The photos were put together in a Powerpoint, one that was shown throughout the day, as well, and featured some surprised appearances from teachers, the resource office and Berkeley County Schools Superintendent Dr. Patrick K. Murphy. The photos were also placed on a big bulletin board to share with the school. There were cupcakes, a photo booth, a deer in costume and fun to be hand. Through a grant with Read Aloud West Virginia, each participant was also gifted books to take home.
“It encouraged reading with their families. It was something fun,” King said. “It was so much fun. We had a great time. I was just trying to get families involved and bring them into school and talk to them about the importance of reading with their children.”
Because the DEAR in December program is virtually based for the most part, there won’t be too much adjusting, though she hopes to find a way to celebrate together safely.
“To see the parents get involved is such a great thing,” King said.
Through all the adjustments and all the challenges that COVID-19 has brought to teaching library for students, King has been there to ensure the love for reading is still being instilled in her students, the true passion behind the teacher.
“Kindergarten, I got to teach them how to read,” she said. “Now, I get to teach them to love to read. That’s what I love to do.”
Classes remain once a week for 40 minutes, King going to individual classrooms or outside, depending on the weather, instead of all the little faces joining her in the media center. Like in normal years, King begins each class with a read-aloud time, where she shares a story with the class, emphasizing the need for children to be read to.
In normal years, students would then participate in “choices,” different activities King had out in which the students were allowed to partake in whichever felt right for the day.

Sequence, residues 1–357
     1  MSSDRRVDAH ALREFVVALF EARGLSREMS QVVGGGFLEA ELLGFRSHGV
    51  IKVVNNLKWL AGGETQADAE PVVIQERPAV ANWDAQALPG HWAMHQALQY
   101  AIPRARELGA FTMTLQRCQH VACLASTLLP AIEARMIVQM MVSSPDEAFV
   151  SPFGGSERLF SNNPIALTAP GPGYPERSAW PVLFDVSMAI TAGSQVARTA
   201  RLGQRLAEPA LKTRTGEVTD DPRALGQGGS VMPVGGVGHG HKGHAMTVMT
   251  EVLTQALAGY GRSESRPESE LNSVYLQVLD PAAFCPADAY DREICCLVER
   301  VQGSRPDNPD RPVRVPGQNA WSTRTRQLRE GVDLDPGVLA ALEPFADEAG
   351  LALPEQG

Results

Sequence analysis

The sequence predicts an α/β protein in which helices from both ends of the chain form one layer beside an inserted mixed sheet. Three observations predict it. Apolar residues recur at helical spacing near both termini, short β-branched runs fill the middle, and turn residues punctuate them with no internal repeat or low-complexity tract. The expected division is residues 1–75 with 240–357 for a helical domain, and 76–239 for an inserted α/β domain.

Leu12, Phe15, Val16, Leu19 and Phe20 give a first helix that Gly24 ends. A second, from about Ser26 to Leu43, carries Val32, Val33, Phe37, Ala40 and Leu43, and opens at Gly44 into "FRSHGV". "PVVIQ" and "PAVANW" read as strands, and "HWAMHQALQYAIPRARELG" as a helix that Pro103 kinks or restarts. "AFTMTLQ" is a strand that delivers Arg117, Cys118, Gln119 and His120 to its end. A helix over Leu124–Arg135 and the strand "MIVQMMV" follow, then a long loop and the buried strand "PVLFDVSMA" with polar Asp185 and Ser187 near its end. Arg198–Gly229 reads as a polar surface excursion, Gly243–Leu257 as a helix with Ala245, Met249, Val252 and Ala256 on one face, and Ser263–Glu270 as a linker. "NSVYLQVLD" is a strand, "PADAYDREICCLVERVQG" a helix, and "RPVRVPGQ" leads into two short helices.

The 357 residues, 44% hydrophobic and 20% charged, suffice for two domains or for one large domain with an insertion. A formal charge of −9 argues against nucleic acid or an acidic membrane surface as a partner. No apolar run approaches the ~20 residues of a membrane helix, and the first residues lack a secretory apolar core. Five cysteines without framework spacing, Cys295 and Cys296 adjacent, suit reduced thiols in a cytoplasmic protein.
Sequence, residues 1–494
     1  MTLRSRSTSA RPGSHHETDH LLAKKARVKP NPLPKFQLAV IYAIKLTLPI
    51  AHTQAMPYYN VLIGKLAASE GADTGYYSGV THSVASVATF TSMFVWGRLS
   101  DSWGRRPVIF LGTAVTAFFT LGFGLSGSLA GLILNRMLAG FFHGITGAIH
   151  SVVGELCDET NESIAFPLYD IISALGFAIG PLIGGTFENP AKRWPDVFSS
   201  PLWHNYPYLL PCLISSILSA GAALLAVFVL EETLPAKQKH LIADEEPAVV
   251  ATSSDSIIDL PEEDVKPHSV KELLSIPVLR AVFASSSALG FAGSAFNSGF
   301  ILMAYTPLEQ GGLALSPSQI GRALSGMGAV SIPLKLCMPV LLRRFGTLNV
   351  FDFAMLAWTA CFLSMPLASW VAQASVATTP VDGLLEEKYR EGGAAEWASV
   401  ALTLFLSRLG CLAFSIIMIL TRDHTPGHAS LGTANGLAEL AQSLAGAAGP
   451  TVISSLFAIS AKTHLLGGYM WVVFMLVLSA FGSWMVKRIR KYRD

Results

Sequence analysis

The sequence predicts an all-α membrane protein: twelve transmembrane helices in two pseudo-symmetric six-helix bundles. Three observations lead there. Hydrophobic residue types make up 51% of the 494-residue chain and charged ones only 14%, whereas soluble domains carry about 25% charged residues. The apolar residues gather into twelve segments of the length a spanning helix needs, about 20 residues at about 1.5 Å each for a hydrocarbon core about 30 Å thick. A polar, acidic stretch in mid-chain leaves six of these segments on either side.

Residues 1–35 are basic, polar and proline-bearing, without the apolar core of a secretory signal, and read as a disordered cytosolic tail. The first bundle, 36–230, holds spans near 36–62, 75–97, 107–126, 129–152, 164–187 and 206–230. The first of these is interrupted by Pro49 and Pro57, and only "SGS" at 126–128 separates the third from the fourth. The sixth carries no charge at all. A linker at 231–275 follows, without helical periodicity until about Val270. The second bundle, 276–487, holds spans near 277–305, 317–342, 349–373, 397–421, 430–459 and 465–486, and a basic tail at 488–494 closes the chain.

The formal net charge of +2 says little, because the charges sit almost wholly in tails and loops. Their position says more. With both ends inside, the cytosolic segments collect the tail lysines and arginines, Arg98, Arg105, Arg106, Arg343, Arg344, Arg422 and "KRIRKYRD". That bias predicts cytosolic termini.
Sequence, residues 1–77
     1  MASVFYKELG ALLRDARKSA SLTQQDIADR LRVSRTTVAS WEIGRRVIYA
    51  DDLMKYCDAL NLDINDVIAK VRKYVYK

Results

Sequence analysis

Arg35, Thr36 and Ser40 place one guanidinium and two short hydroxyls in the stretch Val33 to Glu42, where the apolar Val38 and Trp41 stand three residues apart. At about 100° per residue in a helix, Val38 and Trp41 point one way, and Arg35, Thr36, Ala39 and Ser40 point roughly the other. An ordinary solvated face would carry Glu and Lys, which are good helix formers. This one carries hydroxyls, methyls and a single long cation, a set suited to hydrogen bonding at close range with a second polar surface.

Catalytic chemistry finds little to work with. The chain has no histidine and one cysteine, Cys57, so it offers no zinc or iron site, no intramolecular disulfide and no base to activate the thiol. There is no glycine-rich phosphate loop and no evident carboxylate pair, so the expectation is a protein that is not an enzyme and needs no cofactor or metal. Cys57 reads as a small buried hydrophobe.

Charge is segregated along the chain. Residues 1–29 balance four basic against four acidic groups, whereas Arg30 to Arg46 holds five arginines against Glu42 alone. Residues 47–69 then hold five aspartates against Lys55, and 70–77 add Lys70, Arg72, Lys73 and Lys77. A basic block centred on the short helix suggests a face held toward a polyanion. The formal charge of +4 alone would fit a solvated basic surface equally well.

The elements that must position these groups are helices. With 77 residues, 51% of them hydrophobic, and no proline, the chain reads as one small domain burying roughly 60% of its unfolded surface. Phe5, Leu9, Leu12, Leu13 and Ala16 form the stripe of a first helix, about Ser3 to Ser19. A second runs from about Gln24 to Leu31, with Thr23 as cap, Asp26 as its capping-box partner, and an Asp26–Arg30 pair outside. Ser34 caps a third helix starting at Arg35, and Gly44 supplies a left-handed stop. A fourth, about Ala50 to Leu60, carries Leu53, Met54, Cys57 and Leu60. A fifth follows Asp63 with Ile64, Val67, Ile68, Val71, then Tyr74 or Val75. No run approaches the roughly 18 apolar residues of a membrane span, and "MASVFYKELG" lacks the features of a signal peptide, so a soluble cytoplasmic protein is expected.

“I would always have choices out,” she said. “They could do free reading. I’d always have a puzzle table out with a puzzle. There was usually some kind of creation station, whether it was bookmarks or whatever. They could go over and sit on the rug and watch a story on the smartboard. There was choices. We would check out in the mean time, but we can’t do that this year.”
Instead, with the 1:1 device initiative, King developed libraries within the online programs in the system. The students go into each week’s lessons, each centering around a different theme, and click on which book they’d like to have read to them. Books range from both fiction and nonfiction to encourage learning about the week’s theme, and students are then asked to complete a few activities. The final 10 minutes of the class are “free read,” where students go into another virtual library that features options of books to listen to. The virtual libraries allow both Brick and Click students to receive the same options and assignments no matter where the learning takes place.
“There’s nothing than can replace having a real book in your hand, but at least, they are being read to,” King said. “They may not be reading it themselves, but they’re being read to. A lot of the books have the words they can follow. They’re getting the content.”